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WAV or WAVE stands for Waveform Audio File Format, which is the first and standard digital audio format developed by jointly Microsoft and IBM to store audio files on Windows operating system, including the file's numerous bit depth, sample rates , tracks (mono and stereo) as well as the uncompressed raw audio data. It is primarily supported by Windows platform and its application and is commonly used by music enthusiasts or professionals because it is guaranteed to be compatible with almost all media players.
Another abbreviation that accompanies WAV is PCM (pulse-code modulation), which is a kind of uncompressed raw audio file format with an excellent audio quality usually in large sizes which is quite similar to CD-audio quality if their sample rates are the same. For this reason, the WAV format has become less popular and effective over time with the development of better lossless audio formats, such as FLAC and Apple Lossless. But it will probably be used for some time yet due to its widespread use in professional music recording and is still a very prevailing format for audio/video applications.
The WAV file is a variant of the RIFF (Resource Interchange File Format) format and a sub set of RIFF specification, specifically used for audio. And a RIFF file starts out with a file header followed by a sequence of data chunks. Generally, WAV file format consists of RIFF chunk and two sub-chunks, Format chunk (fmt chunk) and Data chunk.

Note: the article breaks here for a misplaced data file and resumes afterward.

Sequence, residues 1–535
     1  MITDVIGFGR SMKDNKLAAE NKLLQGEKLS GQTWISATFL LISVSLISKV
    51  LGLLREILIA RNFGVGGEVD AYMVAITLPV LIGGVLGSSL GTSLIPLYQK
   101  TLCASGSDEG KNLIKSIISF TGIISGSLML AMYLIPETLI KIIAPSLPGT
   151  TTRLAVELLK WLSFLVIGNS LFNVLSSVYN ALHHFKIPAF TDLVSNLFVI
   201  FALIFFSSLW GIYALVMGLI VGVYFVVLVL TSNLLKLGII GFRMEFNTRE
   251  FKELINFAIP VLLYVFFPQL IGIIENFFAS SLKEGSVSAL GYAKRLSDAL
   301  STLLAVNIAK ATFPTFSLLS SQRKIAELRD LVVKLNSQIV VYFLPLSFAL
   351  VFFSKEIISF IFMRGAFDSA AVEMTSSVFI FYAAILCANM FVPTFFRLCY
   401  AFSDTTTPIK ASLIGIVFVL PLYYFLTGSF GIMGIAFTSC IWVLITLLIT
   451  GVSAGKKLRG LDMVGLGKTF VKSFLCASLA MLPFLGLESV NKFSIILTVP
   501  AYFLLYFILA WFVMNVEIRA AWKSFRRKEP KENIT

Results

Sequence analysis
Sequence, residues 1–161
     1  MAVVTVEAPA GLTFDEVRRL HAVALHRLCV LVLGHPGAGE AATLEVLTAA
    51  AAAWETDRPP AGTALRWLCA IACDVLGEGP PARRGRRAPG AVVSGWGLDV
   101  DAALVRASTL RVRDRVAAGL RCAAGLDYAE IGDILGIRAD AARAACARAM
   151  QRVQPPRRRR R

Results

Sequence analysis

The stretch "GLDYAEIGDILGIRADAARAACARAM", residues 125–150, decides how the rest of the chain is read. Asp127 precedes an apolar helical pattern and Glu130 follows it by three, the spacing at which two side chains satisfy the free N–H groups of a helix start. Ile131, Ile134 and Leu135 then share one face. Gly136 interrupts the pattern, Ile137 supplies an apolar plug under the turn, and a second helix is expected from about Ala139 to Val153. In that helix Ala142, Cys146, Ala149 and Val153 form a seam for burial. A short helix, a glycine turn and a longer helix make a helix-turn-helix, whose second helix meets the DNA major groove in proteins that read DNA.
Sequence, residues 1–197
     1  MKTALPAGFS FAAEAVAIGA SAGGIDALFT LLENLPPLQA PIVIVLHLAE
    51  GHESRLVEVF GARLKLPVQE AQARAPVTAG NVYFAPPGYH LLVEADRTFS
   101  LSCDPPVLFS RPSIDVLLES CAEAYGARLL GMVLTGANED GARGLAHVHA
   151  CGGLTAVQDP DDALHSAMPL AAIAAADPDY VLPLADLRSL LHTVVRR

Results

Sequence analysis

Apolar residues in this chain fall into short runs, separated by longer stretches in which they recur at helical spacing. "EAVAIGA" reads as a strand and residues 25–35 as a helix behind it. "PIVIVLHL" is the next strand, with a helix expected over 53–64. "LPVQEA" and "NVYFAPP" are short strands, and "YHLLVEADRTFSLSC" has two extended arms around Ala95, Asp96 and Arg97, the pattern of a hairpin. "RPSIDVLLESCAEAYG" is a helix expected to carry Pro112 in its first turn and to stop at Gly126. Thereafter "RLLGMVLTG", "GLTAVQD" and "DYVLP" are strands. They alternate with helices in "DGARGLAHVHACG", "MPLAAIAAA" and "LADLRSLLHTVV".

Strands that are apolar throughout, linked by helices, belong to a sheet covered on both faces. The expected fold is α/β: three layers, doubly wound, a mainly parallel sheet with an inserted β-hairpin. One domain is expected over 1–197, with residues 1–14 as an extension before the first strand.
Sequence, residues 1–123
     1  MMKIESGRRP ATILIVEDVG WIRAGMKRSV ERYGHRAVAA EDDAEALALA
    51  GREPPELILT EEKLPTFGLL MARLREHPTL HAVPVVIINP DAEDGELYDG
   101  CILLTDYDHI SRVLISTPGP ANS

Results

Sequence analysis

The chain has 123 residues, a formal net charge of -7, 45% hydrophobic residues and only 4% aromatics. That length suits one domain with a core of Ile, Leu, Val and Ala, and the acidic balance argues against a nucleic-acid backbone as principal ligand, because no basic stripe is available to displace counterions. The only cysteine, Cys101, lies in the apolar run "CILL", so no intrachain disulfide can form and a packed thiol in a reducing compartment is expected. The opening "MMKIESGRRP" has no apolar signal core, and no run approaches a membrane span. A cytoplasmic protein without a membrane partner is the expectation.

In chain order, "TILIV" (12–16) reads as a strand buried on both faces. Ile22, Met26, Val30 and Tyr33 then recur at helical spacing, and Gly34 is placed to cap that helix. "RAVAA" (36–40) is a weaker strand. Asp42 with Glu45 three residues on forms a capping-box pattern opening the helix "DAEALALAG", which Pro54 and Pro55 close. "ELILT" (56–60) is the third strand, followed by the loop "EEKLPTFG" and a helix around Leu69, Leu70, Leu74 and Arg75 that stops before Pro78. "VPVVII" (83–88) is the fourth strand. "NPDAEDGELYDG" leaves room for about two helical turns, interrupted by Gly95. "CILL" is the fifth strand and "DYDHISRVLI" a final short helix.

Want to convert WAV to a MP3 format for playback widely? follow how to convert from lossless WAV to MP3 audio file.
Windows: Microsoft Windows Music, Windows Media Player, RealPlayer, VLC media player, Winamp Media Player, Video Converter Ultimate, etc.
Mac: Apple iTunes, QuickTime Player, VLC media player, RealPlayer and others.
Regardless of the large file size, uncompressed WAV files is sometimes used by some radio broadcasting stations, taking BBC Radio as an example. BBC Radio in the UK uses 48 kHz 16-bit two-channel WAV audio as its standard. In addition, some radio station use WAV files as a benchmark for testing the transceiver capabilities.
There's no theoretical time limit, just a size limit. The limit is actually 4GB as per the spec given the 32 bit integer used to record the file size header, but some programs limit it to 2GB.
Technically it is sometimes to be broken up the restrictions to cut a WAV file into several fragments.